The US secretary of energy, Samuel Bodman, has called for increased international cooperation in safely increasing the use of nuclear energy.

The call came during a speech Secretary Bodman delivered to the 50th Annual International Atomic Energy Agency (IAEA) general conference in Vienna, Austria.

To guide international efforts to expand nuclear power, Secretary Bodman highlighted the global vision of President Bush’s Global Nuclear Energy Partnership (GNEP), which seeks to work with international partners to promote the use of advanced nuclear energy systems in order to provide a reliable fuel source on an economically competitive basis worldwide.

Through GNEP, nations will develop enhanced nuclear safeguards in cooperation with the IAEA as an integral part of the development of advanced nuclear facilities. Secretary Bodman cited the need for mutually beneficial partnerships with nations to ensure that appropriate investments are made to demonstrate technologies that recycle nuclear fuel, reduce waste, and provide developing nations reliable access to clean nuclear energy for electricity.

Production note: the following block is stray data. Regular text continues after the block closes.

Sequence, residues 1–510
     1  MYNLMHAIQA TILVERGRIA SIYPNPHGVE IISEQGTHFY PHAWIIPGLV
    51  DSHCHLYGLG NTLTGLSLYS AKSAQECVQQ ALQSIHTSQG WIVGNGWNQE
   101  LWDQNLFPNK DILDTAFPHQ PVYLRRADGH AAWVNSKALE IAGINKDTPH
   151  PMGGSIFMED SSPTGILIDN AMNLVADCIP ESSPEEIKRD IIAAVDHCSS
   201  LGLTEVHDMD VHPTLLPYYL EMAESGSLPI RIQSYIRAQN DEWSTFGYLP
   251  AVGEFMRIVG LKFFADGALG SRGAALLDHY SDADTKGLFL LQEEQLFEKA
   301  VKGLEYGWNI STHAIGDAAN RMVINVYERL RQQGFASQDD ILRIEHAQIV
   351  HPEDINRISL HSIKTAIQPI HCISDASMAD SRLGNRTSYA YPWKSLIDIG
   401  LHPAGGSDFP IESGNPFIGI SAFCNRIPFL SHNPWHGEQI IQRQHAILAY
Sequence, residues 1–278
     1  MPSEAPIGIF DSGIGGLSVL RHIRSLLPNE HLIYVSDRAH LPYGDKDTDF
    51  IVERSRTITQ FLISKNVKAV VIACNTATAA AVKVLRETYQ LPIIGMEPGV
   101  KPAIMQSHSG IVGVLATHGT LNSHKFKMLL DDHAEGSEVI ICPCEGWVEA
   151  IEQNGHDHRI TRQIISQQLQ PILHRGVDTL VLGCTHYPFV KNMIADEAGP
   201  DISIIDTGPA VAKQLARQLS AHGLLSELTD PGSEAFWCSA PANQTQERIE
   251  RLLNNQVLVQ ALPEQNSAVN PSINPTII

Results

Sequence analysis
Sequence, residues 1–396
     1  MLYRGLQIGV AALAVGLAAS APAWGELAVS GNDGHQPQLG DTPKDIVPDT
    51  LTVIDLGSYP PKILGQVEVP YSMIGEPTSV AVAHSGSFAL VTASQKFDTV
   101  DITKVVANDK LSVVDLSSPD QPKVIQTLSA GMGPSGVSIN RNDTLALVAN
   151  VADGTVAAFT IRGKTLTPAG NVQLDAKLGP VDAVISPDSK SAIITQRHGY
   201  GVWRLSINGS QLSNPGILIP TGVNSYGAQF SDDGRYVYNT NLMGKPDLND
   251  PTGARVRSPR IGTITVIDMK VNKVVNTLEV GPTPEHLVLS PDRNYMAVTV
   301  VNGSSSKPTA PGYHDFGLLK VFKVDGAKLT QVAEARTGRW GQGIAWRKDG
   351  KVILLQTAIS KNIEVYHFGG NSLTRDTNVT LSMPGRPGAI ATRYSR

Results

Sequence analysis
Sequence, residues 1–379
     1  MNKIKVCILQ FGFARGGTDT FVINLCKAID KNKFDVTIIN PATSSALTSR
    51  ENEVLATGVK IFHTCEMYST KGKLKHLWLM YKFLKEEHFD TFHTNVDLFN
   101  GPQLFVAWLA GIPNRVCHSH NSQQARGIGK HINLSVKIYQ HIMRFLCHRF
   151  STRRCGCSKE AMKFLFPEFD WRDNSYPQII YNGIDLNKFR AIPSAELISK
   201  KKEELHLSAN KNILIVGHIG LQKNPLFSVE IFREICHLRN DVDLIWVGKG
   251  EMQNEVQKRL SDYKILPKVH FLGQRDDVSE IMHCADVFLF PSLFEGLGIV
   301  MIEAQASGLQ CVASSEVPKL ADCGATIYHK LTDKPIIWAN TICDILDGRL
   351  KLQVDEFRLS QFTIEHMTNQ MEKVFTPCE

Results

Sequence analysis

Secretary Bodman also stressed the need for all nations to redouble efforts to secure radioactive and radiological material and further expand cooperative work in nuclear nonproliferation. He encouraged compliance with international safeguards, the amended Convention on the Physical Protection of Nuclear Materials and Facilities, and related requirements for nuclear safety and security. This included a discussion of the US and Russia’s Global Initiative to Combat Nuclear Terrorism, which aims to secure nuclear materials.

As an international community, we must work together to globally expand clean, reliable, and affordable nuclear energy in ways that reduce proliferation risks, increase global energy security, and limit pollution and greenhouse gas emissions, Secretary Bodman commented. The decisions we make today in terms of both reliable energy supply and nuclear nonproliferation will have an affect for generations to come.